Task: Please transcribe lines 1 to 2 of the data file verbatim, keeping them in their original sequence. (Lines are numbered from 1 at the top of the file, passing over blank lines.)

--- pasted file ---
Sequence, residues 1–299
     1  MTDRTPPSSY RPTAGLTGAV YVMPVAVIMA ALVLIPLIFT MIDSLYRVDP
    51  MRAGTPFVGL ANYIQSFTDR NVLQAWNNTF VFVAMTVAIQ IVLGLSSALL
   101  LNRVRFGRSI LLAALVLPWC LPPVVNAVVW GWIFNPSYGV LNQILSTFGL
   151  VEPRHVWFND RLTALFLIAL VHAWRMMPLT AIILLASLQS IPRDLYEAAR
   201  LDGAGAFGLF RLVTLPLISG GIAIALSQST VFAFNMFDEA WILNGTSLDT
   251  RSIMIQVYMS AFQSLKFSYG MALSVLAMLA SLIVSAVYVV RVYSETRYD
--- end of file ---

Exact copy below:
Sequence, residues 1–299
     1  MTDRTPPSSY RPTAGLTGAV YVMPVAVIMA ALVLIPLIFT MIDSLYRVDP